• Harry Collins and Trevor Pinch (2005) Dr. Golem: How to Think about Medicine (London: University of Chicago Press). A useful introduction to key themes in the epistemology of medicine. (ISBN: 0226113663) ASS (RC81 COL ) MED (AA8a COL).

Also recommended but controversial are:

  • David Wootton (2007) Bad Medicine: Doctors Doing Harm Since Hippocrates (Oxford: Oxford University Press)
  • Harry Collins and Trevor Pinch (2005) Dr. Golem: How to Think about Medicine (London: University of Chicago Press). A useful introduction to key themes in the epistemology of medicine. (ISBN: 0226113663) ASS (RC81 COL ) MED (AA8a COL).

The best recent book on philosophy of medicine is:

  • Jeremy Howick (2011) The Philosophy of Evidence-Based Medicine (Oxford: Wiley–Blackwell)

Some other recommended books on the history of medicine are:

  • John Pickstone, Ways of Knowing: A new history of science, medicine, technology and medicine, Manchester: Manchester University Press, 2000. (ISBN 0 7190 5994 1) MED.
  • W. F. Bynum, Science and the Practice of Medicine in the Nineteenth Century, Cambridge: Cambridge University Press, 1994. Definitive historical synthesis of the social and epistemological changes in medicine that gave rise to scientific medicine in the nineteenth century. (ISBN-13: 9780521272056 | ISBN-10: 052127205X) ASS (R149 BYN), MED.
  • Andrew Cunningham, The Making of Modern Medicine, (Radio 4 Series), London: BBC Audiobooks, 2007. MED (ISSUE Desk AA3CUN) (Alexander Bird has these CDs also, so ask him if you want to borrow them.)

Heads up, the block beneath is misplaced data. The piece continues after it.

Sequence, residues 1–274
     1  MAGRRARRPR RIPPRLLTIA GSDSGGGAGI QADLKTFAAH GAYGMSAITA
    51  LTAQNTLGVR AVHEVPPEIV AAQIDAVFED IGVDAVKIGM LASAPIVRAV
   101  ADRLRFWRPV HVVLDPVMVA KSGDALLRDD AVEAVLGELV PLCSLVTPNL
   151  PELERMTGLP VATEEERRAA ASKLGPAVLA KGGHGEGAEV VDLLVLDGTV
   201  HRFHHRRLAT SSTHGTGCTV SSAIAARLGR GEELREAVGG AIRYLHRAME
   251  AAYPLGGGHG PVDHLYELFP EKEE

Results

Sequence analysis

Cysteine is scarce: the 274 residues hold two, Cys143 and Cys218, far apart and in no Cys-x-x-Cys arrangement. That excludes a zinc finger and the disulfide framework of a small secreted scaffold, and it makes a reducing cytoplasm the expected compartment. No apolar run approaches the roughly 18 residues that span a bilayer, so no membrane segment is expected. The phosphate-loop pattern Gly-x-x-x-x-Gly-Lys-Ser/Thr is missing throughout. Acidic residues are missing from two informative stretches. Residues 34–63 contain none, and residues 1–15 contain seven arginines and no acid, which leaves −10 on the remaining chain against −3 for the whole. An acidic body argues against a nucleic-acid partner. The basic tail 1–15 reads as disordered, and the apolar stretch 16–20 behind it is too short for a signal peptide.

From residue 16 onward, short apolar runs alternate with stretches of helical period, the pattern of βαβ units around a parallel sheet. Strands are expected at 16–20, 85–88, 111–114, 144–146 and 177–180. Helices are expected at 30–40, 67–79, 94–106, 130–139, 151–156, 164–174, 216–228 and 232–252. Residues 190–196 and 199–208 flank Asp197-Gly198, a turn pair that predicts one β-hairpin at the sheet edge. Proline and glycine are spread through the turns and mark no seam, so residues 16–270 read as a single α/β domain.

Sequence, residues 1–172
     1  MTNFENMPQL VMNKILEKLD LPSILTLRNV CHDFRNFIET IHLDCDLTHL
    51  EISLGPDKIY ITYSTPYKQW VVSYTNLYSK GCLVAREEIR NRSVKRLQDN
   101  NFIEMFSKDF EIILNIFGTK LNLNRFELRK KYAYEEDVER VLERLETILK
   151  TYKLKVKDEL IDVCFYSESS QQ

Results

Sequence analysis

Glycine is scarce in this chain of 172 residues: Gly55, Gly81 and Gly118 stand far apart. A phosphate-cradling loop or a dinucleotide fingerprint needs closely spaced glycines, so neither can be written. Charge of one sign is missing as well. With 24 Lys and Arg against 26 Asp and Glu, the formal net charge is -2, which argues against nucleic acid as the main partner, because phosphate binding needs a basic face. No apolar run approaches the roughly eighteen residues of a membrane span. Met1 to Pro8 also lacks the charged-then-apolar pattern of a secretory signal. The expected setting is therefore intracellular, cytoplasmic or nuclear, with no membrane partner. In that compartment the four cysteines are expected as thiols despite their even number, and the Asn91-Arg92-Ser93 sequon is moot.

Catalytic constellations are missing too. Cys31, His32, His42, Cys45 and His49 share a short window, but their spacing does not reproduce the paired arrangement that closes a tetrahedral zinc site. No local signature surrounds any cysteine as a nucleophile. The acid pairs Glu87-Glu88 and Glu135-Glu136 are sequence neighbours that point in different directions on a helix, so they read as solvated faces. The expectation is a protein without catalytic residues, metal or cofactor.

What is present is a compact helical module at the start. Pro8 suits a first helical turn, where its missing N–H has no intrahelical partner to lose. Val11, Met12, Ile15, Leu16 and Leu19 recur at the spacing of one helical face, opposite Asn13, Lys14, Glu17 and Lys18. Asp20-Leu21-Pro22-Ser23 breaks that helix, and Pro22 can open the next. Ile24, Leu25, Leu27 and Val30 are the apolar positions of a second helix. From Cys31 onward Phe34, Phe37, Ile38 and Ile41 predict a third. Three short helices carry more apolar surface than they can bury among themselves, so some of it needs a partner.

Online resources

Medical Humanities: New York University’s Literature, Arts, and Medicine Database http://litmed.med.nyu.edu/Main?action=new eJournals: Medical Humanities; Journal of Medical Humanities

History of Medicine: eJournals (available through UoB information services): Medical History; Social History of Medicine; Journal of the History of Medicine and Allied Sciences; Studies in History and Philosophy of Biological and Biomedical Sciences

UoB Medical Library: http://www.bris.ac.uk/is/library/subjects/medfac/info/internetlinks.html Wellcome Library: http://library.wellcome.ac.uk Wellcome Medical Photographical Library: http://medphoto.wellcome.ac.uk History of the Health Sciences World Wide Web Links: http://www.mla-hhss.org/histlink.htm National Library of Medicine (US): http://wwwihm.nlm.nih.gov MedHist: http://www.intute.ac.uk/healthandlifesciences/medhist

Philosophy of Medicine eJournals: Journal of Medicine and Philosophy; Theoretical Medicine and Bioethics; Medicine, Healthcare and Philosophy; Philosophy, Ethics and Humanities in Medicine